10. aahh thank you so much for sharing my qpoc book recs post!!! i still get so emotional thinking about all the support it got, it truly makes me think that maybe we’re going somewhere in publishing (and then my visions and dreams get crushed but shh) 🥺 i also ADORED marie’s discussion on blogger appreciation and value! she writes these kinds of things so well and definitely a lot better than i ever could lmao ❤ and aahh thank you so much for sharing the awards and encouraging nominations!!!

    Liked by 1 person

    1. same lmao. but i think progress is being made, no matter how small 🥺 i couldn’t not share your post, it was so cohesive & important! YES, marie is the queen of blogging discussions.

      of course ❤ the book blogger awards deserve all the support (lmao i really need to finish writing my nominations post already…)


  11. I love seeing all the support for these wonderful posts! ❤

    I definitely agree with what you said about JKR. It’s such a tricky thing because there are so many people who grew up on the series and still love it, so many companies still supporting her, and so many people who don’t even know what the author is like, but we can’t continue to show love for HP the way we used to, or at all. I was one of the people who loved HP so much, but when I saw all of the things JKR said, I was sick to my stomach for days. I hate that she’s so ignorant and hateful. I’ve never felt so disconnected from something that was special to me – I would be such a different person if I hadn’t read that series, and I definitely wouldn’t be here, reading and writing. But the right thing to do is to be considerate of the trans community and stop promoting HP, and to start promoting diverse books and authors who deserve so much more attention.

    Thank you so much for sharing my post! I’m so happy you like my blogging advice! You’re so sweet 🥺💗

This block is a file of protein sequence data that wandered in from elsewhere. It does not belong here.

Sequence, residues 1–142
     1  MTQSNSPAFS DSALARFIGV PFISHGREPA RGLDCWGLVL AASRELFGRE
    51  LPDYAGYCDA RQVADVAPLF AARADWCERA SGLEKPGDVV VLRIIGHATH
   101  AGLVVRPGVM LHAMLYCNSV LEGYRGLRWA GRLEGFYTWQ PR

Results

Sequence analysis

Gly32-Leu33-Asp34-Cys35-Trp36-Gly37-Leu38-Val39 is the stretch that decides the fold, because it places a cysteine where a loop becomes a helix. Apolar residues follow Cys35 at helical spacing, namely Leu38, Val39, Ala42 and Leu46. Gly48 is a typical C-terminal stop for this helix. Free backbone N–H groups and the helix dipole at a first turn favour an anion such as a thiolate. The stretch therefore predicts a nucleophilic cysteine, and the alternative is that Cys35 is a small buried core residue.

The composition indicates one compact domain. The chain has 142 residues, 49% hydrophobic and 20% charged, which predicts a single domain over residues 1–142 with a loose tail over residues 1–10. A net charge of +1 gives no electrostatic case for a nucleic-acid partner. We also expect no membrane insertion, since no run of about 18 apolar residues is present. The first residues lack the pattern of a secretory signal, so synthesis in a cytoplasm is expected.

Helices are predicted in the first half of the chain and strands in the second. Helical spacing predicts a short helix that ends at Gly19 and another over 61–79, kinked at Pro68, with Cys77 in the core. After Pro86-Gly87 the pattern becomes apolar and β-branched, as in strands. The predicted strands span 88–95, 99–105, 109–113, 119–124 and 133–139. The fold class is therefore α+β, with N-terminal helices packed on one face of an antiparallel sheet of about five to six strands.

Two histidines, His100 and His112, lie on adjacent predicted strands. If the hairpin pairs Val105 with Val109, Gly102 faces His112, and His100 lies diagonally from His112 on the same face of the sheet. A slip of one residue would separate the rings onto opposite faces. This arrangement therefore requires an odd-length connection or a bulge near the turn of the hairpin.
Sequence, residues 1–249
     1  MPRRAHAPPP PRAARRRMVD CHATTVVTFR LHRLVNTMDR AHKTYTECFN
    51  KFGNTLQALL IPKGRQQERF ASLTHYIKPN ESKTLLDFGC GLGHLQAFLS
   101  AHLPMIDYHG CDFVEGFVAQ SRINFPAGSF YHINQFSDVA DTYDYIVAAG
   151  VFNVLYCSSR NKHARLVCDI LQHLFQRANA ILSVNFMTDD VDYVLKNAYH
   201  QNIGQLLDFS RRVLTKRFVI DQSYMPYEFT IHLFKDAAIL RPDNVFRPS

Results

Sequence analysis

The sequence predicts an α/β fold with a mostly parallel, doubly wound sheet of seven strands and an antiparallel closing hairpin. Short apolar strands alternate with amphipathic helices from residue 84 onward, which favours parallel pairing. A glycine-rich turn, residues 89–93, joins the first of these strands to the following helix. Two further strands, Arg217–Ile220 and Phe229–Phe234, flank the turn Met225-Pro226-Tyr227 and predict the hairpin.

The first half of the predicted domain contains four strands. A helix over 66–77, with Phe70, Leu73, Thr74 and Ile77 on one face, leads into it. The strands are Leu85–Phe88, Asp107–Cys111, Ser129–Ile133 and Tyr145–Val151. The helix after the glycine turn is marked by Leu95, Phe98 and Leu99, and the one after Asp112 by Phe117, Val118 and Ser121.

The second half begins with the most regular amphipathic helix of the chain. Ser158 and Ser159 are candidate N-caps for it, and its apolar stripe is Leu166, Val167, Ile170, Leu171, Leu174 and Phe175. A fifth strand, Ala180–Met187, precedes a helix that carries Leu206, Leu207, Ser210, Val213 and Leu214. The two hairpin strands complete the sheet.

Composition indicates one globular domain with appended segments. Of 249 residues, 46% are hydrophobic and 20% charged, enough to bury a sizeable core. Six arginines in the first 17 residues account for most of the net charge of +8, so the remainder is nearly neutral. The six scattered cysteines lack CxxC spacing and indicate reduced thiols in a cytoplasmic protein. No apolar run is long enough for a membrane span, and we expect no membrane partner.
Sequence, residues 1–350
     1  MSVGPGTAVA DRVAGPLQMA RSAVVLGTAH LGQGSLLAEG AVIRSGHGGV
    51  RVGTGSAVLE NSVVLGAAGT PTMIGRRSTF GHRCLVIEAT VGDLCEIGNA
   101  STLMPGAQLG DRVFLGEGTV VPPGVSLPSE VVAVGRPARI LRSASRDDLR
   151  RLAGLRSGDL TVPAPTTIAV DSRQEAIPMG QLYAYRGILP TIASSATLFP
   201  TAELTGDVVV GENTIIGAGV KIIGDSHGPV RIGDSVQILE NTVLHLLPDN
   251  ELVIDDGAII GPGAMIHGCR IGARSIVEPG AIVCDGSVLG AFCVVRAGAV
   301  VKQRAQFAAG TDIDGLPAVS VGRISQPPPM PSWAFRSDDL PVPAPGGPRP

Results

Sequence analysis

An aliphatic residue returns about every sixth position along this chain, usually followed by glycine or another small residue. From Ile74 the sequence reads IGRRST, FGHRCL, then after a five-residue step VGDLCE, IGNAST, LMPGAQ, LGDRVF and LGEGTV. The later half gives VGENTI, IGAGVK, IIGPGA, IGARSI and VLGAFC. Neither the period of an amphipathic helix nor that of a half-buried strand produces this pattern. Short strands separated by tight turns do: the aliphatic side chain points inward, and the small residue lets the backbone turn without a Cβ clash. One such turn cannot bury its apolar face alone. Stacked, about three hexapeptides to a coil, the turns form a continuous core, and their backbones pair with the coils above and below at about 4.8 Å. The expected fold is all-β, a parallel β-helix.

Liked by 1 person

    1. Thank you so much!!

      Ahh, Xandra I love you :((( I’m really so appalled that JKR turned out to be like this. if you’re super rich and influential and you know lots of people, including trans people, found home and love in your works…. why would you do that. I 100% understand that HP has had a lasting & positive impact on so many people, & their love for HP probably does not extend toward JKR. But I really think that the right thing to do is to love it quietly and support marginalized, unproblematic authors instead. Especially because the HP books aren’t devoid of problematic content themselves.

      of course i had to! you give the best blogging advice 😭💖


  12. Caitlin thank you so, so much for always writing these posts and uplifting other book bloggers’ work, this is so kind of you 🥺🥺💗 I’m so happy you enjoyed my post on book bloggers’ value and that you could relate to it, too. It deeply saddens me to see how much we can bring to the bookish and publishing world, yet are most of the time overlooked.
    Thank you so much!!! 🥺🥺💗

    Liked by 1 person

    1. ah, exactly!! book blogs offer such a unique form of book promotion, and i hate that publishers and other members of the community overlook them :((
      it’s the least i can do, i love supporting book bloggers so much! and your posts are always amazing ❤ ❤